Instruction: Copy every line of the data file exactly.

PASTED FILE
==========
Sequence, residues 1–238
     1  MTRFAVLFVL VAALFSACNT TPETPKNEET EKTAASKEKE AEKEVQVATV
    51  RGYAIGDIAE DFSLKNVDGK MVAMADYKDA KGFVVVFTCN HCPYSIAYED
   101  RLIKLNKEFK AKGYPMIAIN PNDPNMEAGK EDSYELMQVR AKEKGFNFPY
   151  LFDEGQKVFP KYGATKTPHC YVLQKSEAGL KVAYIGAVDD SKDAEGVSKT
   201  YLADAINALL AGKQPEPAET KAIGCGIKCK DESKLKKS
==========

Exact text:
Sequence, residues 1–238
     1  MTRFAVLFVL VAALFSACNT TPETPKNEET EKTAASKEKE AEKEVQVATV
    51  RGYAIGDIAE DFSLKNVDGK MVAMADYKDA KGFVVVFTCN HCPYSIAYED
   101  RLIKLNKEFK AKGYPMIAIN PNDPNMEAGK EDSYELMQVR AKEKGFNFPY
   151  LFDEGQKVFP KYGATKTPHC YVLQKSEAGL KVAYIGAVDD SKDAEGVSKT
   201  YLADAINALL AGKQPEPAET KAIGCGIKCK DESKLKKS